ABGs may be checked to assess respiratory function in acute, severe cases of community-acquired pneumonia. Similarly, blood cultures should be taken to aid subsequent microbiological diagnosis. In cases of atypical pneumonia where there is evidence of focal or global cerebral impairment, an LP should be considered. ABGs may be checked to assess respiratory function in acute, severe cases of community-acquired pneumonia. Similarly, blood cultures should be taken to aid subsequent microbiological diagnosis. In cases of atypical pneumonia where there is evidence of focal or global cerebral impairment, an LP should be considered. ABGs may be checked to assess respiratory function in acute, severe cases of community-acquired pneumonia. Similarly, blood cultures should be taken to aid subsequent microbiological diagnosis. In cases of atypical pneumonia where there is evidence of focal or global cerebral impairment, an LP should be considered. ABGs may be checked to assess respiratory function in acute, severe cases of community-acquired pneumonia. Similarly, blood cultures should be taken to aid subsequent microbiological diagnosis. In cases of atypical pneumonia where there is evidence of focal or global cerebral impairment, an LP should be considered.
35
Management
  • Severe cases should be admitted
  • Atypical pneumonias usually Rx as for other
  • CAP, at least initially
  • No evidence that routinely giving antibiotics
    active against atypical organisms leads to better
    outcomes in non-severe CAP

36
Management
  • Macrolides, such as Erythromycin, Clarithromycin
    Azithromycin have been shown to be effective in
    the Rx of all 3 organisms
  • Erythromycin tends to be less well tolerated
    only few trails demonstrates its efficacy in the
    Rx of Legionella
  • Severe Legionella infections may require
    rifampicin a macrolide
  • Tetracycline, Doxycycline Fluoroquinolones are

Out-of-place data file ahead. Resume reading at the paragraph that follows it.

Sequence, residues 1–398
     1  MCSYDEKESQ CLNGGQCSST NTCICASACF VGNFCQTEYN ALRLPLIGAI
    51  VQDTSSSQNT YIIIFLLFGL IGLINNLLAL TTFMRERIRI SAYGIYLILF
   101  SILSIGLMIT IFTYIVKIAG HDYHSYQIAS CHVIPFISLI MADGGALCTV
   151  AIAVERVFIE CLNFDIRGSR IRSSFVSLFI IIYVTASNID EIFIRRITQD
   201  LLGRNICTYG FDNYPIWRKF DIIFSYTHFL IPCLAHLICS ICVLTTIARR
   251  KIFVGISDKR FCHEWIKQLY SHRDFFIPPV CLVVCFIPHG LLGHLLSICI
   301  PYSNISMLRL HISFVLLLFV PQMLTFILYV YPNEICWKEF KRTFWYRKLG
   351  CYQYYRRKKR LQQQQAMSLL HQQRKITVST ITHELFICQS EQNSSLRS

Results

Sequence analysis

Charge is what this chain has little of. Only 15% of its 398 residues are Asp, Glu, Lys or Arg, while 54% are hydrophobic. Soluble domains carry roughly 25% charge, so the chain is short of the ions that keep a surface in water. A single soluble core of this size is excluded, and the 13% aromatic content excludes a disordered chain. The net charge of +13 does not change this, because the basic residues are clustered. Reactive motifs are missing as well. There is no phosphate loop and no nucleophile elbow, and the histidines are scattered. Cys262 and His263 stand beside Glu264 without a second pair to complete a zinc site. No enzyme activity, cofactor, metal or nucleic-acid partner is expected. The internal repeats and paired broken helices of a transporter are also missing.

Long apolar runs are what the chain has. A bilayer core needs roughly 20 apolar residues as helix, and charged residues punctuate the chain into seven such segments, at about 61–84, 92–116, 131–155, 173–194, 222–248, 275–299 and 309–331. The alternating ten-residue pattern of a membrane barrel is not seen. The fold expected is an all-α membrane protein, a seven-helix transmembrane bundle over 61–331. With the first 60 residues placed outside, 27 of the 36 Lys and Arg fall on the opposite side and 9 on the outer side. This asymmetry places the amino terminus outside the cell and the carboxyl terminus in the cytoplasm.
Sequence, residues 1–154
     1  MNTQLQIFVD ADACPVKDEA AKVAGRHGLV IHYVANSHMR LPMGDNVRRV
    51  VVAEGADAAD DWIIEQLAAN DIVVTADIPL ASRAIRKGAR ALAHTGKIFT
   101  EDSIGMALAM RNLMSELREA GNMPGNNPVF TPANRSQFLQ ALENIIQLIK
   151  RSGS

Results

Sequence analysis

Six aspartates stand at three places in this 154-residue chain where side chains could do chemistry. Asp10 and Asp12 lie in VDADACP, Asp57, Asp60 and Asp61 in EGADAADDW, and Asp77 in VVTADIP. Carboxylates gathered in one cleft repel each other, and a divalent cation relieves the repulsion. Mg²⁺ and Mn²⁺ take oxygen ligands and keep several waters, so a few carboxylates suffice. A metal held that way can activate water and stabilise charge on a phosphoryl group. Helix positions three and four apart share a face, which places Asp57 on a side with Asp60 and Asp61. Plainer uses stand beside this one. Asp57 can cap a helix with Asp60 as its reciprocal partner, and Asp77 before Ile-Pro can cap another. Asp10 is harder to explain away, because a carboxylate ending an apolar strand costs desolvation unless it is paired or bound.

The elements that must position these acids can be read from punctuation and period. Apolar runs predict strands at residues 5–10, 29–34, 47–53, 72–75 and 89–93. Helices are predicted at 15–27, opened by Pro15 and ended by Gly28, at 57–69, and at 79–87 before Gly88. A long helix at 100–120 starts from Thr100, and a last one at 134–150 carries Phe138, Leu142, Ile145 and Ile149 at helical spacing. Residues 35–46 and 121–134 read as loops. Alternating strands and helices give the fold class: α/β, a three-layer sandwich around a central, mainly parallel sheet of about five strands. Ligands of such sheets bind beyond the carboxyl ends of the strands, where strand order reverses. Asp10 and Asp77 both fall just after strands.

also effective
  • Recommened duration of therapy usually 2-3 weeks

37
THE END QUESTIONS??
38
References
  1. Shakeel Amanullah Atypical Bacterial Pneumonia
    eMed. March 2008.
  2. www.patient.co.uk Atypical Pneumonias Jan.
    2007.
  3. www.thirdage.com Encyclopedia Atypical
    Pneumonia (Mycoplasma and Viral) (Walking
    Pneumonia) May 2008.
  4. Rosens Emergency Medicine Online Community
    Acquired Pneumonia
View by Category
About This Presentation
Title:

Atypical Pneumonia

Description:

Does not respond to the usual antibiotics. Causes a milder form of pneumonia (hence ... possible patterns include atelectasis, nodular infiltration akin to TB ... – PowerPoint PPT presentation

Number of Views:2306
Avg rating:3.0/5.0
Slides: 39
Provided by: annerieh
Category:

less

Write a Comment
User Comments (0)
Transcript and Presenter's Notes

Title: Atypical Pneumonia


1
AtypicalPneumonia
  • BY
  • Annerie Hattingh
  • 26/08/09

2
Introduction
  • Pneumonia caused by atypical pathogens
  • Typical pathogens usually includes
  • - Strep. pneumonia
  • - Haemophilus pneumonia
  • - Klebsiella pneumonia
  • Does not respond to the usual antibiotics
  • Causes a milder form of pneumonia (hence the term
    walking pneumonia)
  • Characterized by a more drawn out coarse of
    symptoms

3
Introduction
  • Legionella SARS are exceptions to the above
  • both can be very severe infections
  • Typical pneumonia can come on more quickly with
    more severe early sx
  • The arbitrary classification of typical vs.
    atypical pneumonia is of limited clinical value
  • Literature now shows that a primary pathogen may
    co-exist with a secondary one, further blurring
    this distinction

4
Introduction
  • Causes
  • Classical atypical pneumonias
  • 1.) Mycoplasma pneumonia
  • 2.) Chlamydia pneumonia
  • 3.) Legionella pneumonia

5
Introduction
  • Causes
  • Other micro-organisms that cause similar patterns
  • of presentation
  • 1.) Chlamydia psittaci (exposure to birds)
  • 2.) Coxiella burnetti (presenting as Q fever)
  • 3.) Viral pneumonias - Influenza A
  • - SARS
  • - RSV
  • -
    Adenoviridae
  • - Varicella
    pneumonitis

6
Epidemiology
  • It is thought that the 3 main atypical pathogens
    might be implicated in up to 40 of CAP
  • The precise incidence is not known
  • Often not identified in clinical practice due to
    lack of readily available, reliable standardized
    tests to confirm dx
  • By age 20, 50 of people in the USA have
    detectable levels of Antibodies to Chlamydia
  • pneumonia

7
Risk Factors
  • Mycoplasma Chlamydia spread by person-to-person
    contact
  • - spread most common in closed populations
    e.g.
  • schools, offices military barracks